IR Comprehensive Exam January 2014 Major comprehensive exam

IR Comprehensive Exam January 2014
Major comprehensive exam candidates should answer one question from each of the three
sections (security, international political economy and general), as well as one further question
from a section of their choosing. Minor comprehensive exam candidates should just answer one
question from each of the three sections.
Section 1 – Security
1. A decade ago, a book on the role of norms and force in international relations made the
following provocative claim: “The central premise of this book is that Clausewitz was
wrong: moderation is not alien to war, and the self-imposed limitations of international
law and custom are not ‘imperceptible’ but in fact are often crucial to determining how
and when force is used in international relations.” Evaluate this claim by answering the
following two questions. First, what are the origins of norms regulating the use of certain
means of warfare? Select one such norm: explain where it came from, how it spread
through the international system, and became accepted by (most) states. Second, do
norms actually shape the behavior of states with regard to a stigmatized or proscribed
means of force? If so, how? Give concrete historical examples, using the same norm
discussed in part one of the question or other norms. Does a norm-based explanation
provide a superior explanation for non-use than a material one, such as deterrence?
2. It is now widely believed among security scholars that the domestic institutions of states,
and in particular whether they are democratic or autocratic, exert a powerful influence on
whether states will prevail in international crises or wars. In an essay, explain why
scholars think that democracies are uniquely advantaged in either crisis bargaining or
war-fighting and evaluate whether this conclusion is warranted given the empirical
evidence and existing critiques in the literature.
3. The bargaining (or rationalist) model of war has become one of the most influential ways
of analyzing the causes of war, but we know much more about war than is captured in
these arguments. Explain the key insights this approach brings to the study of war. Then
compare the bargaining model to at least three other prominent explanations of the causes
of war in the literature. Does the rationalist model present a superior approach to
explaining the outbreak of war? Are there complementarities between the rationalist
accounts and the other arguments?
Section 2 – International Political Economy
4. The case for the benefits of trade liberalization is founded on the theory of
comparative advantage. The case for the liberalization of capital flows, on the other
hand, has less well developed theoretical foundations. Yet both developed and
developing countries have substantially liberalized capital flows (both portfolio
capital and foreign direct investment) over the last two decades. How might we
explain this policy change? Draw on important theories from international political
economy in framing your answer. You might also address whether we should use
the same theory to explain outcomes in both developed and developing countries.
5. The study of domestic (and comparative) political economy and of international
political economy have traditionally been treated as distinct fields. Some argue that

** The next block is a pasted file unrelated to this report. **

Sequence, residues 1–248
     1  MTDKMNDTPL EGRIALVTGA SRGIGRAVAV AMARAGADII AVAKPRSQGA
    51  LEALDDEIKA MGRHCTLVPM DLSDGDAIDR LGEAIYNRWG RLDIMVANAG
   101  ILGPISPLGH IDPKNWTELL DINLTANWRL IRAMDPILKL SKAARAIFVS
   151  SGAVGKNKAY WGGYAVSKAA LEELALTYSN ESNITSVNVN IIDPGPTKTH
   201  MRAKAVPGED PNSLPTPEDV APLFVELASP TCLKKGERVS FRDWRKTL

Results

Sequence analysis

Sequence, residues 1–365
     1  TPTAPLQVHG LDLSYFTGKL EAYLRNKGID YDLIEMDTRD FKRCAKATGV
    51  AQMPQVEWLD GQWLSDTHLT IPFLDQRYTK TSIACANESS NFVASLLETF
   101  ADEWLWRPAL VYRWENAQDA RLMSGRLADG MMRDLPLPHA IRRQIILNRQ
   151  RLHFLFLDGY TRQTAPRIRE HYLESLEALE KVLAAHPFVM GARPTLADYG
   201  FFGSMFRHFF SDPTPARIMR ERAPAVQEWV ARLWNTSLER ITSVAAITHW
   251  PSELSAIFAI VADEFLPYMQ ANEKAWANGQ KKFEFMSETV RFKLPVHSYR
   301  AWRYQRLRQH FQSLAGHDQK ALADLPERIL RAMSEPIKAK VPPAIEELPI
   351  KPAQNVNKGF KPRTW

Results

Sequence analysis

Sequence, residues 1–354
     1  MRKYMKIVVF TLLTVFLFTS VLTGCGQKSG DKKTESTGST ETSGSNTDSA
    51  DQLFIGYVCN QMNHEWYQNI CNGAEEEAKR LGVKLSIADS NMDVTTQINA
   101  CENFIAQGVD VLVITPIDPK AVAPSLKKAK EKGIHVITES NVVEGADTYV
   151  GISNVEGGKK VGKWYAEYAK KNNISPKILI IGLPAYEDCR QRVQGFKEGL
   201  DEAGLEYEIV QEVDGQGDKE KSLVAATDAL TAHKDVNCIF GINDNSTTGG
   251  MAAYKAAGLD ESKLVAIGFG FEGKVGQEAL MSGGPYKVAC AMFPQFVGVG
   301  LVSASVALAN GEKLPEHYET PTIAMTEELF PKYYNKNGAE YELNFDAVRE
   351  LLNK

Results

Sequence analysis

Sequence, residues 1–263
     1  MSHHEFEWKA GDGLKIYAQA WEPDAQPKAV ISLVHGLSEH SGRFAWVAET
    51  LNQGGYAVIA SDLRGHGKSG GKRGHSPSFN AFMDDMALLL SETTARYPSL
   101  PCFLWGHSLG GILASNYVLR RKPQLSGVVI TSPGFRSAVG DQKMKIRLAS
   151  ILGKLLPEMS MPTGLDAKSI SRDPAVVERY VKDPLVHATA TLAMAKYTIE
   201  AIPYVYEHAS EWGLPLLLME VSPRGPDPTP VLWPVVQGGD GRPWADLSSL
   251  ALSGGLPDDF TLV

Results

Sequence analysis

this distinction is now obsolete with the rise of “globalization.” Do you
agree? Support your argument both with references to theoretical debates in
international political economy, and the use of real world examples.
6. Discuss the impact of international factors on domestic economic policy-making.
Pay particular attention to explicating the different mechanisms claimed to connect
international factors to policy-making. What is the empirical evidence in support of
these mechanisms. What are the implications for the theories we use to explain
understanding important outcomes in international political economy? Make sure
you are clear about which “international factors” you are talking about in writing
your answer.
Section 3 – General
7. Different approaches to international relations disagree on the relationship between
anarchy and cooperation between states. How much of this disagreement is a result
of the different ways in which these approaches conceptualize anarchy? In a short
answer, draw upon the relevant literature to discuss the different ways in which
major approaches think about anarchy, and discuss the consequences of these
differences for the level and kind of cooperation one might expect to see in
international politics.
8. Early work on transnationalism and interdependence suggested that non-state
actors played an important and independent role in world politics. This work,
however came under sustained criticism. How do international relations scholars
today think about the role of non-state actors and their relationship to states? Are
there circumstances under which they believe that such actors can play a genuinely
independent role? In a short answer, draw upon the relevant literature to discuss
recent debates about non-state actors and their consequences for international
9. Constructivism and rationalism start from very different micro-level accounts of the
relationship between actors and their social context. What are the practical
implications, if any, of these differences for scholarly research? In a short essay,
draw upon the literature to ask how constructivist and rationalist approaches might
be applied to two major research problems in international politics. Then explore
whether there are any aspects of these problems that can be explained by
constructivism but not by rationalism, or vice versa.